Submitted to: Agronomy Journal
Publication Type: Peer Reviewed Journal
Publication Acceptance Date: July 27, 2004
Publication Date: November 4, 2004
Citation: Peters, R.T., Evett, S.R. 2004. Modeling diurnal canopy temperature dynamics using one-time-of-day measurements and a reference temperature curve. Agronomy Journal. 96:1553-1561. Interpretive Summary: It has been shown that the temperature-time threshold (TTT) method of scheduling irrigations based on crop leaf temperatures works as good as or better than soil water based scheduling. Since the TTT method is automatic, it is also simpler and less expensive for farmers to use. In order to apply the TTT method to center pivots, the crop leaf temperatures, over a whole day cycle, have to be determined from a one-time-of-day measurement. This was done using a stationary crop leaf temperature sensor to capture the temperature dynamics due to weather changes throughout the day. Two different methods were then used to scale these reference temperatures using the one-time-of-day measurement. Crop leaf temperature data from corn, cotton, and soybeans were used to show that one or both of these methods for predicting canopy temperatures worked with reasonable accuracy. Cumulative irrigations predicted for the three crops for the entire season using the predicted temperatures were within 3/4 in. on average of those actually scheduled using measured data.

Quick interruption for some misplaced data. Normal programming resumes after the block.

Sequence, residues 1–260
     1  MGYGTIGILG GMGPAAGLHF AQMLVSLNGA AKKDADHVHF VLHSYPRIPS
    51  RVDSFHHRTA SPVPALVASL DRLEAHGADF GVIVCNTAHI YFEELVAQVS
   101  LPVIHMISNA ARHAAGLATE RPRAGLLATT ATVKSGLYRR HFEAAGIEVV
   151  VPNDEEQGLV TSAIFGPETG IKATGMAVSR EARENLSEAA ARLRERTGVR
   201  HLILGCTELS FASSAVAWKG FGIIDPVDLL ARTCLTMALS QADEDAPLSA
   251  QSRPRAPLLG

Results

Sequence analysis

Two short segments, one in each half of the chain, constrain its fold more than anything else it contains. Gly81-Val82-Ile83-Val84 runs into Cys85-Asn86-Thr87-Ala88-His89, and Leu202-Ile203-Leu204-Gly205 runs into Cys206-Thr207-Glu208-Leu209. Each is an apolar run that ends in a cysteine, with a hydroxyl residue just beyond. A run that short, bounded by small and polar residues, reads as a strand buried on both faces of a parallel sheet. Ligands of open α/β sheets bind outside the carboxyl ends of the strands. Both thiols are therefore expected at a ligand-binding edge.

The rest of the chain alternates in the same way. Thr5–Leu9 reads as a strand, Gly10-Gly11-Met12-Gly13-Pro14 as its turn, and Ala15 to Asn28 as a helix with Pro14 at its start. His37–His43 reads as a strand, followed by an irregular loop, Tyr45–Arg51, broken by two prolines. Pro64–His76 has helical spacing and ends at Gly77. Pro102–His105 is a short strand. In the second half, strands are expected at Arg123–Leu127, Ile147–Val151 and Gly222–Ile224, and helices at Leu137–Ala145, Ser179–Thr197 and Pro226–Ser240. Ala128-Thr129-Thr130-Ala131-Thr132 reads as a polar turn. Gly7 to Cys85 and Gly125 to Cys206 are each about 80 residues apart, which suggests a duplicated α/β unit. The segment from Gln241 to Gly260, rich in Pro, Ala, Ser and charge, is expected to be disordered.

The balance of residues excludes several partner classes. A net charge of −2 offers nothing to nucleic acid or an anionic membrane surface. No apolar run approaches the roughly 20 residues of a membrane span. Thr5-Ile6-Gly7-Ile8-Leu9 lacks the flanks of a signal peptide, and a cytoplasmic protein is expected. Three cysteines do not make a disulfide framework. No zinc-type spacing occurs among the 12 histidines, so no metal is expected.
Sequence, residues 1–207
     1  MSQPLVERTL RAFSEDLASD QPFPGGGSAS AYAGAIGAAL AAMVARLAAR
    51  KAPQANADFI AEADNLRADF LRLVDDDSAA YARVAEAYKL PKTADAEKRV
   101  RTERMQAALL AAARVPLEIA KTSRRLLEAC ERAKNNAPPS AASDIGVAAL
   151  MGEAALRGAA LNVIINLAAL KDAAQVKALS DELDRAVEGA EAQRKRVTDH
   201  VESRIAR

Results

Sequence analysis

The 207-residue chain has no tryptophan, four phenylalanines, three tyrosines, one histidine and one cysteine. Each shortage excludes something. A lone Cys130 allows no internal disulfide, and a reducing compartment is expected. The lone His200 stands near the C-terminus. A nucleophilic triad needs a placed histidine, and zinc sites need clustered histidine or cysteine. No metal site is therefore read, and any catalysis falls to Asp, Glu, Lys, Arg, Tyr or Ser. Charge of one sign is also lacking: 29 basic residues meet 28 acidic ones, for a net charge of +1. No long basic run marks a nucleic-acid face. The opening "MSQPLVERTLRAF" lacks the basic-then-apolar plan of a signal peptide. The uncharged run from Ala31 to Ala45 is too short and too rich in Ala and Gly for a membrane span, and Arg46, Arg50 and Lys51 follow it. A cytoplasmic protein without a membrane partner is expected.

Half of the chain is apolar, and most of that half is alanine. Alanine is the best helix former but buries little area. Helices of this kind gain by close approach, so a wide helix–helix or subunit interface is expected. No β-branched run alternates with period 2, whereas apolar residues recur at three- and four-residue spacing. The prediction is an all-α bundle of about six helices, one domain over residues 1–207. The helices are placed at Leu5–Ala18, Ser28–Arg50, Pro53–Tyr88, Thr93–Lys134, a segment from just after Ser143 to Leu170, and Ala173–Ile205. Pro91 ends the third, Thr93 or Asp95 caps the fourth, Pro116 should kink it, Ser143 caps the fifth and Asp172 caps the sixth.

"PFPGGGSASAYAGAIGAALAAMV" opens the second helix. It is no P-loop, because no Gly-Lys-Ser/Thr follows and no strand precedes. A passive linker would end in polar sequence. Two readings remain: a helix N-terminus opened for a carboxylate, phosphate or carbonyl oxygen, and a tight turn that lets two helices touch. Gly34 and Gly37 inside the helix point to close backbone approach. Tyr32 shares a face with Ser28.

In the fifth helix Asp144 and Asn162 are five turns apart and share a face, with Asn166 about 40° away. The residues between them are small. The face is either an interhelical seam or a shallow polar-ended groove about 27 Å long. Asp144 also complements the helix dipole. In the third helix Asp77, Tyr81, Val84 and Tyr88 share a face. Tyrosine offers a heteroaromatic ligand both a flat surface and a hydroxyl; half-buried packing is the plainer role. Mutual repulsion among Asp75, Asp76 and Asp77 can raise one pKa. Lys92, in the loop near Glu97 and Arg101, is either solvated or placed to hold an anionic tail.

Technical Abstract: It has been shown that the temperature-time threshold (TTT) method of automatic irrigation scheduling is a viable alternative to traditional soil water based irrigation scheduling. The TTT method of irrigation automation involves using infrared thermometers to examine canopy temperatures over the course of a day, and determining if the threshold temperature is exceeded for a threshold time, in which case an irrigation is scheduled. Applying the TTT method to infrared canopy temperature sensors mounted on moving irrigation systems such as center pivots or linear move systems requires the extrapolation of the diurnal canopy temperature dynamics using a one-time-of-day canopy temperature measurement. This was accomplished using a stationary reference to capture the canopy temperature dynamics and by two different methods of extrapolating a curve from a one-time-of-day measurement. The first method assumes that the ratio of the difference between the measured canopy temperature and the reference canopy temperature will remain the same throughout the whole day. This ratio is then used to scale the reference (scaled method) to yield the predicted curve. In the second method, a three parameter Gaussian equation was empirically fitted to the temperature difference (Gaussian difference method) between the reference and the predicted canopy temperature curves. Canopy temperature data, measured by stationary infrared thermometers, from three different crops (corn, cotton, and soybeans) were analyzed to validate these methods. For a few hours after dawn and before sunset, the scaled method was generally more accurate, while during the middle of the day the Gaussian difference method was more accurate. The average absolute value of the error between the predicted and actual temperatures from the best of both methods during daylight hours was roughly 0.5 deg C. One or both of these methods for predicting canopy temperature from a one-time-of-day measurement can be used with reasonable accuracy. Irrigations predicted over three seasons using the extrapolated temperatures were within 18 mm on average of those actually scheduled using the TTT method and measured data.